ICAP is also mentioned more than 800 times -- more than any other broker -- in the indictment of five former traders at UniCredit SpA’s German unit who are facing prosecution as part of another Cum-Ex case that began last month in the city of Wiesbaden.
The various cases underscore how ICAP and other interdealer brokers -- intermediaries in the financial markets that match buyers and sellers -- stood at the center of these now-notorious deals. Martin Shields, one of the former UniCredit traders facing charges who was also convicted in a separate trial last March, described them as “the glue that held the system together.”
Along with ICAP, the “most significant” players also included Equinet Bank AG, Novus Capital Markets Ltd. and Tullett Prebon itself, according to Shields’ testimony.
“Interdealer brokers were effectively bringing a market ‘cloak’ over the whole thing,” said Richard Collier, a University of Oxford lecturer who recently published a book on the scandal. “The chief benefit in a large number of cases was to allow the parties to deal with each other, without it being obvious that they were dealing with each other.”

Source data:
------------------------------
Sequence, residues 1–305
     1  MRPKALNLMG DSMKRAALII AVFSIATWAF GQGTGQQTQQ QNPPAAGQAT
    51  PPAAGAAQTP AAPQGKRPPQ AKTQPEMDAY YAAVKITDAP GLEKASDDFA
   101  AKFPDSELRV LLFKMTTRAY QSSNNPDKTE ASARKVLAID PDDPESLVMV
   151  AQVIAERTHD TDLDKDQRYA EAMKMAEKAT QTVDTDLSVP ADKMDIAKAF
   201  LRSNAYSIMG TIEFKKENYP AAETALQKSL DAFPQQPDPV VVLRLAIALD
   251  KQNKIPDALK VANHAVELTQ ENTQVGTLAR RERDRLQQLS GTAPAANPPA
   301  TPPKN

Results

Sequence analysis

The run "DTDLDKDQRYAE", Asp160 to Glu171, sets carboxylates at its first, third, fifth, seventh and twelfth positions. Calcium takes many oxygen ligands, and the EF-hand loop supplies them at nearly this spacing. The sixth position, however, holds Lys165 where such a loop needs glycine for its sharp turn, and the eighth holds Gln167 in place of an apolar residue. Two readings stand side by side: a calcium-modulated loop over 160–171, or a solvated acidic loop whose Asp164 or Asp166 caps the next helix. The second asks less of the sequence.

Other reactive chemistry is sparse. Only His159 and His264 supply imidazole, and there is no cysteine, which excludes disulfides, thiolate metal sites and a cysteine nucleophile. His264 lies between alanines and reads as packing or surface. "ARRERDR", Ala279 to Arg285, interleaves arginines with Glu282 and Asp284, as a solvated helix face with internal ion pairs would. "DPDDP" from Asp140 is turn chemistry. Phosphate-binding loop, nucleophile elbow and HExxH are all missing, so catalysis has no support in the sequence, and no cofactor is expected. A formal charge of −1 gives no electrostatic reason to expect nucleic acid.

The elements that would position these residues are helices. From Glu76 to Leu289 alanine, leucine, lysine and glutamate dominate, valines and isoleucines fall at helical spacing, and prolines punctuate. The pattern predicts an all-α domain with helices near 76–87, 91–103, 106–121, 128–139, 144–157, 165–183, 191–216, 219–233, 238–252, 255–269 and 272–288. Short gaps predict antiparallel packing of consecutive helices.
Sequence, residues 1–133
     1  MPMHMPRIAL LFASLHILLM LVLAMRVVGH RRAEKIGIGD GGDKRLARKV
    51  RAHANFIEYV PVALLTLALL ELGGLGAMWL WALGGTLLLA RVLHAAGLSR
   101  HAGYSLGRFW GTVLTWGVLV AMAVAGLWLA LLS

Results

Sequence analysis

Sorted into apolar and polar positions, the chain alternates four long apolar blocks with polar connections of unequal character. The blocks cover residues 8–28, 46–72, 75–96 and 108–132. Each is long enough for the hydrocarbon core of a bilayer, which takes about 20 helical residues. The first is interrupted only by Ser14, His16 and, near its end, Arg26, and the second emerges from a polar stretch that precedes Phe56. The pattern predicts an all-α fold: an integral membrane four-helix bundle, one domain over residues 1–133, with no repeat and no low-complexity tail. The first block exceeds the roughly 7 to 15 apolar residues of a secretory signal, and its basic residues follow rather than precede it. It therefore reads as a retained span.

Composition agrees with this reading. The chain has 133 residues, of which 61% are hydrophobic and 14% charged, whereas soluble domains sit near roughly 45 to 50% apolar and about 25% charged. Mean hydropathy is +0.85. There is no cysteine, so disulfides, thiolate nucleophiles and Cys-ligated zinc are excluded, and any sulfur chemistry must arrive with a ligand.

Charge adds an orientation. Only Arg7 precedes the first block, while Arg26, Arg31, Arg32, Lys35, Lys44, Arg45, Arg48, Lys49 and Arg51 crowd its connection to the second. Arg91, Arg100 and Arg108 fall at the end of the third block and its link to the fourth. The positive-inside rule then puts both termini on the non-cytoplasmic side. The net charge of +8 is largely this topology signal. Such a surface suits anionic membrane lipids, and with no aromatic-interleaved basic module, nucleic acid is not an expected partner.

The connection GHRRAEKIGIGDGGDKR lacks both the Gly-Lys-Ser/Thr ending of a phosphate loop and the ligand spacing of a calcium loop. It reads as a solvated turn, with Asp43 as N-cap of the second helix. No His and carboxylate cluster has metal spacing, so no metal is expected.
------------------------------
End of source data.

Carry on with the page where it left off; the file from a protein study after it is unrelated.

A typical Cum-Ex deal was a delicate balancing act -- timed around the once-a-year dividend payment typical of companies in continental Europe -- that required an array of parties to work together and leave nothing to chance in terms of price and timing, Collier said. An inter-dealer broker, supposedly an independent third party, could provide a layer of credibility to anyone examining the trade, he said.
At ICAP, the trading strategy was reviewed at some of the highest levels of the firm. At least nine executives signed off on the 2008 memo, for instance, including then-EMEA general counsel Duncan Wales and board member and chief operating officer Mark Yallop. No one approving or named in the memo has been sued or charged with any wrongdoing.
The memos don’t show any involvement from Michael Spencer, who built the firm over three decades before selling off the voice-broking operations in 2016, and the remaining electronic-trading operations to CME Group Inc. two years later. The billionaire is now a member of the U.K. parliament’s upper chamber.
Spencer declined requests for an interview. Wales and Yallop declined to comment.